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 > Classification of Functions
Footnote

## Classification of Functions

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Finally, switching back from examples to elaboration, I'd now like to present my classification of the various functions that objects have. It's certainly not exact or complete, but I do think it contains some worthwhile ideas. So … what kinds of functions do objects have?

• Practical. Most manmade objects have some practical function. I have a chair so that I can sit in it; I have a bread knife so that I can slice bread.
• Potential. As an object is used less frequently, and at less predictable times, its function shifts from practical to potential. A fire extinguisher is pure potential, unless there's a fire; a Christmas tree stand is marginally practical. The mat in my closet that I used ten years ago to keep my rug from slipping on the hardwood floor has no practical function at the moment, but it could have one again in the future … that's the kind of potential I'm talking about.

When you have an object that has no present practical function, like that mat, you can weigh the cost (in space) of keeping it against the cost (in time and money) of finding another one later. If there's some probability that you'll never need it, that's also a factor.

I have some file folders that I use to keep track of ideas … movies I might like to rent, restaurants I might like to try, and so on. I don't look in the restaurant folder much, so it has more of a potential function, but I look in the movie folder fairly often, which I guess means that it has the practical function of keeping track of potential actions.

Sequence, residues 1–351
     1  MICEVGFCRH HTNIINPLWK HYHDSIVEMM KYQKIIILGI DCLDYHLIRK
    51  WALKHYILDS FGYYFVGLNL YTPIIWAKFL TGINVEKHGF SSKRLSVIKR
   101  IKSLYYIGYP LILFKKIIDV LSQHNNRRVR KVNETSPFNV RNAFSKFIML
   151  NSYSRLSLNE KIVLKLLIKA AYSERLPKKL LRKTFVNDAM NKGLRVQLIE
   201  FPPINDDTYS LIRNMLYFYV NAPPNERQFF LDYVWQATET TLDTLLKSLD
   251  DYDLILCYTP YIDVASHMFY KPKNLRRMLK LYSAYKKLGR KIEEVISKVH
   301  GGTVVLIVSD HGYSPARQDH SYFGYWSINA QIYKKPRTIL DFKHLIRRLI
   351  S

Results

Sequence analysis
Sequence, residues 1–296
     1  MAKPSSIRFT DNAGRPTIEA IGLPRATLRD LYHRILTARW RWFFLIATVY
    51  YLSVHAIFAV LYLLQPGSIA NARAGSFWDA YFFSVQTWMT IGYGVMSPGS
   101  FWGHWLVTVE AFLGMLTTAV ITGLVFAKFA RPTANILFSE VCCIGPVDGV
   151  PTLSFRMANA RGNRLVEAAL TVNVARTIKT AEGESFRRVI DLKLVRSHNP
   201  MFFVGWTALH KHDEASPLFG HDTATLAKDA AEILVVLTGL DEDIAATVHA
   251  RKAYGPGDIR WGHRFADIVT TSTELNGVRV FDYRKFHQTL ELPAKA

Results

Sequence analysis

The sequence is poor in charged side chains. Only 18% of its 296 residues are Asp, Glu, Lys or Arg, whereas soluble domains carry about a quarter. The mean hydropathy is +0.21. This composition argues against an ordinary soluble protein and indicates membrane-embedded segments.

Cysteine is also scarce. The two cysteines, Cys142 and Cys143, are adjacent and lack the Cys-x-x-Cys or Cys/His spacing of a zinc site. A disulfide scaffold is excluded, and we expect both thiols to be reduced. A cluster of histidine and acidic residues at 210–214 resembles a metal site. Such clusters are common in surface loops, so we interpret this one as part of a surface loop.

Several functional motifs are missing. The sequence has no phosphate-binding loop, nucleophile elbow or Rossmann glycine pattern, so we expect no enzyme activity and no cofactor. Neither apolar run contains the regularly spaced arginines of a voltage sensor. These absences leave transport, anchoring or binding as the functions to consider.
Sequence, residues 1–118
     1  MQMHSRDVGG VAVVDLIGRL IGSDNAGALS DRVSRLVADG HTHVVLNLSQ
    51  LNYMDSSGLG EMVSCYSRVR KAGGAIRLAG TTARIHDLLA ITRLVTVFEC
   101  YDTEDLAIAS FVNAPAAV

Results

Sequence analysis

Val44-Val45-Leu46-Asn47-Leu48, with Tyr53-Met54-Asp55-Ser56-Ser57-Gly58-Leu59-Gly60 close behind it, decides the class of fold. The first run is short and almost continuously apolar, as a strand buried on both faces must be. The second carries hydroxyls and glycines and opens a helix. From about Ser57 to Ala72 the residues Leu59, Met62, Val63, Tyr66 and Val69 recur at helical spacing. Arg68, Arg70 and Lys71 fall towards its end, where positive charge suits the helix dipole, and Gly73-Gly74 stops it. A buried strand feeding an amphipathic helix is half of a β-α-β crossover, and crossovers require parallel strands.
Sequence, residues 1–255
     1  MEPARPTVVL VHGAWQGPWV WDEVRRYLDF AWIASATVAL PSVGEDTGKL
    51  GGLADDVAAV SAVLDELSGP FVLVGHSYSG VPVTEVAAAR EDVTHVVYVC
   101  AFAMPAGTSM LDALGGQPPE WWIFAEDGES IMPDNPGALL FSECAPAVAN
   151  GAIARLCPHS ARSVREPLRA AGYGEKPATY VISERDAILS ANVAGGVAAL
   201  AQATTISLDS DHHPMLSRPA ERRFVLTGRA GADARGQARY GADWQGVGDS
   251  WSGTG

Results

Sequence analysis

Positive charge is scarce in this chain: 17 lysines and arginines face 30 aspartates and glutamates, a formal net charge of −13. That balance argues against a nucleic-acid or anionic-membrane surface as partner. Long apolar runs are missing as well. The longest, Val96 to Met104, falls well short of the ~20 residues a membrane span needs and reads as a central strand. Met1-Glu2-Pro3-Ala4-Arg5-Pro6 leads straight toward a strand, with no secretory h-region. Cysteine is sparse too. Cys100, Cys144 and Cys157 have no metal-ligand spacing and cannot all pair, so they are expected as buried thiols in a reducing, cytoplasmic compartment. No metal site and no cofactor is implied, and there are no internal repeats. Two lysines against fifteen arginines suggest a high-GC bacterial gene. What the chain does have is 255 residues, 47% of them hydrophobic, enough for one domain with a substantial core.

• Archival. The phone bills, credit card statements, and other similar things that I keep filed away have an archival function. Of course, the reason I keep them is that I might want to refer back to them some day, so archival function is really just a subclass of potential function … but it's common enough that I think it's worth discussing separately.

When I buy an appliance, or a used DVD, or whatever, I'll usually save the receipt and the packaging until I'm sure I won't need to return the object. That's a kind of temporary archival. I only save my tax returns for a few short years, so that's temporary too … but then everything is temporary at long enough time scales. What is that saying I'm thinking of? Oh yeah, it's this one, from Fight Club.

On a long enough time line, everyone's survival rate drops to zero.

• Aesthetic. A good painting or piece of music has an aesthetic function. To me, that's the primary function of art, to appeal to the senses.

There are other things that exploit the senses, that push buttons … for example by being cute. I'd say such things have an aesthetic function too, even though what they're doing may not provide any benefit, and so isn't exactly a function.

• Sentimental. An object has a sentimental function if it stirs up feelings and memories … in other words, if it has associations. Almost any object has some associations, so sentimental function is a matter of degree. Imagine you've just gotten a present from a good friend, and it's a nice thought, but totally useless. Or, imagine a child has just given you a picture that ve drew especially for you. Those are the best examples of pure sentimental function that I can think of.

The idea of sentimental function is actually pretty subtle, and is probably the key to de-sentimentalization. Without it, you look at an object and think that it has sentimental value, and you're stuck. With it, you think that the object has the function of creating particular sentiments, and then it's natural to ask if there's anything else that could perform the same function.

If you'd like to think further about objects and their functions, I can recommend a nice exercise. Wander around your home or office and look at random things, and for each thing, ask yourself, “Why is this here? Why not get rid of it?”. Each reason you don't want to get rid of an object corresponds to a function that the object performs.